For a list of upcoming trail projects, visit our stewardship events schedule.
Recreational Trail Systems within our wilderness lands hold several benefits for us and our community. Trails serve to increase access to the backcountry, heighten enjoyment of our recreational forays, and lessen human impact to these beloved wildlands here in some of North Idaho’s most rugged and scenic country.
Trails require periodic maintenance in order to mitigate hazards to recreationalists, keep pathways clear of fallen trees and vegetation growth, and control erosion effects. Trails are also subject to invasion by weedy species, as both human and animal vectors alike steer toward forest trails for ease of travel.
The Friends of Scotchman Peaks Wilderness have been working cooperatively with the Kootenai and Idaho Panhandle National Forests (see our Personal Protection Equipment Standards) since 2010 to help supplement their capacities in recreational trail maintenance. Throughout this time, FSPW volunteers have accomplished project work on several area trails including Scotchman Peak trail, Regal Creek trail, Morris Creek trail, Goat Mountain trail, Little Spar trail, Blacktail Lake trail, Star Peak trail, Ross Creek trail, and Mud Creek trail, to name a few.
FSPW trail crews have accomplished everything from trail re-routing, tread construction and maintenance, hazard tree removal, down log removal, and trail brushing to weed mitigation, signage projects, and structure rehabilitation.
In the summer of 2016, FSPW will be engaging in a number of trail building projects. Two of our Field Day Fridays (and one Monday) will be devoted to a reroute around the first mile of the popular Scotchman’s Peak Trail #65, which users probably know is eroded and aggressively steep. In addition to the work being done on one of Bonner County’s most noteworthy trails, the Friends will be hosting work days and weekends at Goat Mountain, Spar Peak and Morris Creek. When we aren’t building trails, we will be introducing kids to the natural wonders of the Scotchman Peaks with our Community Kids series which will provide transformative experiences for local youth.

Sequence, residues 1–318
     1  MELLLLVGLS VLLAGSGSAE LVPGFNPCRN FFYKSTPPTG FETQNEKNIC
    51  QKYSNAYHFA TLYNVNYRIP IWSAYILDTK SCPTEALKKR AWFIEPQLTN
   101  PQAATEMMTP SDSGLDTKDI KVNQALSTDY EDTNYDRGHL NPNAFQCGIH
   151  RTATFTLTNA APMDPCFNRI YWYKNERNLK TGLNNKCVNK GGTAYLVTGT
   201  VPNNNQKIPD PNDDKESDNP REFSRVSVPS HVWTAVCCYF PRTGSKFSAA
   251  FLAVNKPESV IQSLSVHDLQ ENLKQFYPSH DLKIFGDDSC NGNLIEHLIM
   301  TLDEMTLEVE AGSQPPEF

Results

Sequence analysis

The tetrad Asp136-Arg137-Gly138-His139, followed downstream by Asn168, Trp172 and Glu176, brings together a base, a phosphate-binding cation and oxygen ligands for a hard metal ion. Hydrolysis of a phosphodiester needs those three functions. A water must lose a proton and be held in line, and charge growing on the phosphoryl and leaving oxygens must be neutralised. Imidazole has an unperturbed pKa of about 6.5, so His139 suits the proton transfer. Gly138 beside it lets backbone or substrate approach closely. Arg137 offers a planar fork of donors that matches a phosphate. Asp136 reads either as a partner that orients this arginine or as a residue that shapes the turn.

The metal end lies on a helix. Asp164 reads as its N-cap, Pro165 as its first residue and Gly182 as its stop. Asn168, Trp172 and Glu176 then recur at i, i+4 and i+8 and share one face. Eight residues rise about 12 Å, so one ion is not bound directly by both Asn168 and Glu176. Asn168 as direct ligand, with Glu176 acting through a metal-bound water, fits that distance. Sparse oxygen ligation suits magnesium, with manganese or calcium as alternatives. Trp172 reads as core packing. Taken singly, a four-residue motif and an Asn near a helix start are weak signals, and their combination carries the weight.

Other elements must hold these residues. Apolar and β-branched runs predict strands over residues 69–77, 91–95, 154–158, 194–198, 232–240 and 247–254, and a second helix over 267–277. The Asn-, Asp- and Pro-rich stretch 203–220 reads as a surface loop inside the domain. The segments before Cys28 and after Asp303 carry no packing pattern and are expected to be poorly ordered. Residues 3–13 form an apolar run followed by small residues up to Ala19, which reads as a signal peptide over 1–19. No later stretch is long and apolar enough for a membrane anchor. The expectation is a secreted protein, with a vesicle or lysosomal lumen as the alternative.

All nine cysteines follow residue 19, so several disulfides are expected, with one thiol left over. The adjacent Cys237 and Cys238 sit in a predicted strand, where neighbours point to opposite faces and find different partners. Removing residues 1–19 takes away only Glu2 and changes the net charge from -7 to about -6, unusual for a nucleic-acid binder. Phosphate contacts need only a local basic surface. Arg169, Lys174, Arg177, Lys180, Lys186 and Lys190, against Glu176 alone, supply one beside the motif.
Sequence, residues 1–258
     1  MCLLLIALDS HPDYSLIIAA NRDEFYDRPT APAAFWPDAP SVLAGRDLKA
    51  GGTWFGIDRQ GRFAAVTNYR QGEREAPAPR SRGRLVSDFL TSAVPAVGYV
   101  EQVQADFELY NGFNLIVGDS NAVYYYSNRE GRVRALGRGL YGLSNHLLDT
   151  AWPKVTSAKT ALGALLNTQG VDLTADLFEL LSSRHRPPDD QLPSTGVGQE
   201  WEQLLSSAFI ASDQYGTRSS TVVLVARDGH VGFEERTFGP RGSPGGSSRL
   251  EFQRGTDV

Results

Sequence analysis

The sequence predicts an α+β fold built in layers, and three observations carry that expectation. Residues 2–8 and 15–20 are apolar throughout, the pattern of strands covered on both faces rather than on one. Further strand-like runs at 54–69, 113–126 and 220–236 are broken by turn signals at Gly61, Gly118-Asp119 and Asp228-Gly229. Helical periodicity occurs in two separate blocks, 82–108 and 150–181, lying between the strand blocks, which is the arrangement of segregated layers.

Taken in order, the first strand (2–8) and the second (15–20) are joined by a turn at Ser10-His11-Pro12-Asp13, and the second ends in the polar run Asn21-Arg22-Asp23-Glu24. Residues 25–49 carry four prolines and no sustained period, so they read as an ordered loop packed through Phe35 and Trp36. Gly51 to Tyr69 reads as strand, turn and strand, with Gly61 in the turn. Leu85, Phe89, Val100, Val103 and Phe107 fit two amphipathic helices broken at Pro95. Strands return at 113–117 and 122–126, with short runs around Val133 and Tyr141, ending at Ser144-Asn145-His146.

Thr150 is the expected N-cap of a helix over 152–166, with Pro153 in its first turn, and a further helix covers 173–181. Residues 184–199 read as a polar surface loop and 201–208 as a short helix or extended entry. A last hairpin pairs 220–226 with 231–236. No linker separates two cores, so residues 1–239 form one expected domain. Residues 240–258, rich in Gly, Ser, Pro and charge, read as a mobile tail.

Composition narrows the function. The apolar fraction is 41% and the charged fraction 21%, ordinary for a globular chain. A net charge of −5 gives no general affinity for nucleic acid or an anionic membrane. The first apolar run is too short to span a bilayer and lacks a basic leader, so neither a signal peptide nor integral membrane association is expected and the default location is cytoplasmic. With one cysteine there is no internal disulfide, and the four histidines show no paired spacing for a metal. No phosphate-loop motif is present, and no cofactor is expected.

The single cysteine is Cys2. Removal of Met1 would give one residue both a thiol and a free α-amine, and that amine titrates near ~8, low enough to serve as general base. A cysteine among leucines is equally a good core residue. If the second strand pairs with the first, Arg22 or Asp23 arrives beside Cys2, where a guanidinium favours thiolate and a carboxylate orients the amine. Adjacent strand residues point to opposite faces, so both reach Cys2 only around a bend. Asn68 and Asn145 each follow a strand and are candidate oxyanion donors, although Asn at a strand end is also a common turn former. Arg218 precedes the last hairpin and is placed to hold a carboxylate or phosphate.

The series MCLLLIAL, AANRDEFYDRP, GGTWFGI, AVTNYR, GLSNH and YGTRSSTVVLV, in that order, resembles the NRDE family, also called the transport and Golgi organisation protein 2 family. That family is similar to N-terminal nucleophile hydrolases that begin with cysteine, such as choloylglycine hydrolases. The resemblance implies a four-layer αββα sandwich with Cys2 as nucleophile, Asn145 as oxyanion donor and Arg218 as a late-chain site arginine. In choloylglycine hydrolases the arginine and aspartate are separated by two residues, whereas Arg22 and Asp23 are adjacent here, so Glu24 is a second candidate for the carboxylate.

If you would like to participate in any of these work days but feel like you need to improve on your technical skills, check out our Annual Trail Steward and Hike Leader Training Day, which will be held on June 4th. The class will teach basic trail safety, basic power and cross-cut saw techniques and safety, weed identification, trail building and maintenance techniques and methods, trail standards and more.
FSPW will continue to recruit volunteers for projects in summer 2016. Our trails NEED YOU if they are going to persevere. Demonstrate your love of the wilderness by working to keep your favorite trails open, healthy, and accessible! To become a volunteer, visit our upcoming stewardship events page or contact us at firstname.lastname@example.org wilderness for more information.